Weimar: Where the Spirit of Goethe Is Alive and Kicking
“Every day we should hear at least one little song, read one good poem, see one exquisite picture, and, if possible, speak a few sensible words,” German writer and politician Johann Wolfgang von Goethe once said.
Taking a stroll through Goethe’s former house in Weimar, in eastern Germany, one can see that he lived by these words. The rooms are a testament to his exquisite taste, his love for arts, culture and nature, and his passion for literature, history and science.
A visit to Weimar must be on top of the list for every admirer of German classic literature, as this small town — which today boasts a population of around 63,000 people — was not only home to Goethe, but also to the renowned playwright Friedrich Schiller.
Goethe lived most of his life in Weimar until his death in 1832 and was, together with fellow writer Schiller, the leading figure of Weimar Classicism, a cultural and literary movement.
In fact, during the golden age of Weimar, that began with the reign of Duchess Anna Amalia in 1758 and ended with Goethe’s death, the city attracted Germany’s most eminent luminaries, including the philosopher Johann Gottfried Herder, the composer Franz Liszt and the piano virtuoso Johann Nepomuk Hummel.
Even in later years, Weimar’s reputation as a cultural center of Europe drew artists and architects like Henry van de Velde, Wassily Kandinsky, Paul Klee, Lyonel Feininger and Walter Gropius to settle down and work in the city.
Despite its rich culture, Weimar’s political history was somewhat conflicting. After World War I, it was in Weimar that Germany’s first democratic constitution was signed — thus the name Weimar Republic, which was short-lived and only lasted from 1918 to 1933 — but it was also among the cities that bought into Nazi propaganda and let right-wing forces prevail.
Buchenwald, a concentration camp built during World War II, where more than 50,000 inmates were brutally murdered or starved to death, is a memorial site today just a few kilometers away. These days, Weimar fully embraces its history, both the dark and bright days.
The picturesque city center of Weimar is lined with beautifully preserved buildings; the streets are plastered with cobblestone. Many of the buildings have been inscribed on the United Nations Educational, Scientific and Cultural Organization’s list of World Heritage Sites, and the majority of them are managed by the Klassik Stiftung Weimar.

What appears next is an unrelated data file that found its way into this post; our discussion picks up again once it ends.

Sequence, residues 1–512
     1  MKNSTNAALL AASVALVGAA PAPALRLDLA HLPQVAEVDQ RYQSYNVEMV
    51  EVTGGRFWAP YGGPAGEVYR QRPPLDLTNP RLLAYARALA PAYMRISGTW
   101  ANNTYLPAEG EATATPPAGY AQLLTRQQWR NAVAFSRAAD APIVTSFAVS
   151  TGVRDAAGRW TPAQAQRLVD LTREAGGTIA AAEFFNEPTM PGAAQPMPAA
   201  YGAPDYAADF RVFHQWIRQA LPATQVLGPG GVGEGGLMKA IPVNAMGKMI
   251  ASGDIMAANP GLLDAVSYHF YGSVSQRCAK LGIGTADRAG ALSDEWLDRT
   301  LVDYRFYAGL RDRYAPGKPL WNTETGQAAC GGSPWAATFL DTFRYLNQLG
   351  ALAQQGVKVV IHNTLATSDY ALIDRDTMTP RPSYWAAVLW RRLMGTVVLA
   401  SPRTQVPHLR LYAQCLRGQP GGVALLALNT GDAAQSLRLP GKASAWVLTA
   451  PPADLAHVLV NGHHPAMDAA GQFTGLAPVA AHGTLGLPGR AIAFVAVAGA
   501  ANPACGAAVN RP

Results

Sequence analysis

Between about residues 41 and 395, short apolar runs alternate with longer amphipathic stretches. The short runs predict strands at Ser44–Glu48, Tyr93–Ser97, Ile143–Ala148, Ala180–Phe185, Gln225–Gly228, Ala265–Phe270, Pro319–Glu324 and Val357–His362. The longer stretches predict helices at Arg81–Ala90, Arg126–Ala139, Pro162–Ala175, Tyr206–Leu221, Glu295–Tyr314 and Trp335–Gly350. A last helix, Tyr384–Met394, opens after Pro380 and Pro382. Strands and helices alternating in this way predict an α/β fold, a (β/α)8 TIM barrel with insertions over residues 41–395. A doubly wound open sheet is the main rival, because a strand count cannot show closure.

“With more than 20 museums, palaces, historic houses, parks as well as literary and art collections, it is one of the largest and most significant cultural institutions in Germany,” the organization states on its website, adding that more than 700,000 people from all over the world visit Klassik Stiftung’s institutions every year.
But it is Goethe that is first and foremost connected with Weimar, and the profound influence he had on the city is still palpable in every corner of it.
Back in Goethe’s former house, now the Goethe National Museum, it is impossible not to be taken aback by the sheer genius of this grand writer. He had the rooms painted according to the theory of colors and filled them with artefacts, statues and books.
The main purpose of the lush garden, mainly looked after by his wife Christiane, was to provide the household with fruit and vegetables, but Goethe also used it for botanical experiments.
Goethe resided in this house for 50 years after it was given to him by Duke Carl August of Saxe-Weimar-Eisenach.
“Shortly after the death of Goethe’s last grandson, Walther, Goethe’s historic house and his art and nature collections passed on to the trusteeship of the Goethe National Museum, founded in 1885,” Klassik Stiftung Weimar explains on its website. “More objects from the poet’s personal milieu were acquired because of the extensive donations from the Henckel von Donnersmarck family and Dr. Felix Vulpius in the same year.”
In 2012, the organization added to the annex building a permanent exhibition, which presents valuable and extensive insight into Goethe’s life and lasting legacy, as well as a dedicated section to what is arguably Goethe’s masterpiece when it comes to his literary work, “Faust.”
Just around the corner from Goethe’s house is the former residence of Schiller, which also houses a museum and is a treasure for aficionandos of German literature.
Schiller only lived in Weimar during the last years of his life, and his relationship with Goethe did not get off to a good start. Schiller perhaps envied the great success of the man 10 years his senior, and once described him as a “proud prude.” But the pair eventually forged a friendship, even collaborating on several literary pieces.
When Schiller died in 1805, Goethe wrote to composer Karl Friedrich Zelter, “I have now lost a friend and with him half my life,” thus describing one of the strongest literary bonds between two German writers.
Weimar is, of course, more than Goethe and Schiller, and the list of places to visit is long: the Duchess Anna Amalia Library with its famous Rococo Hall, the summer residence of Liszt, the Bauhaus Museum and the Nietzsche archive are only a few points of interest to visitors, highlighting the vibrant and rich history of Weimar that has lost nothing of its 18th- and 19th-century charm.
This article was first published in the Jakarta Globe on October 30, 2013.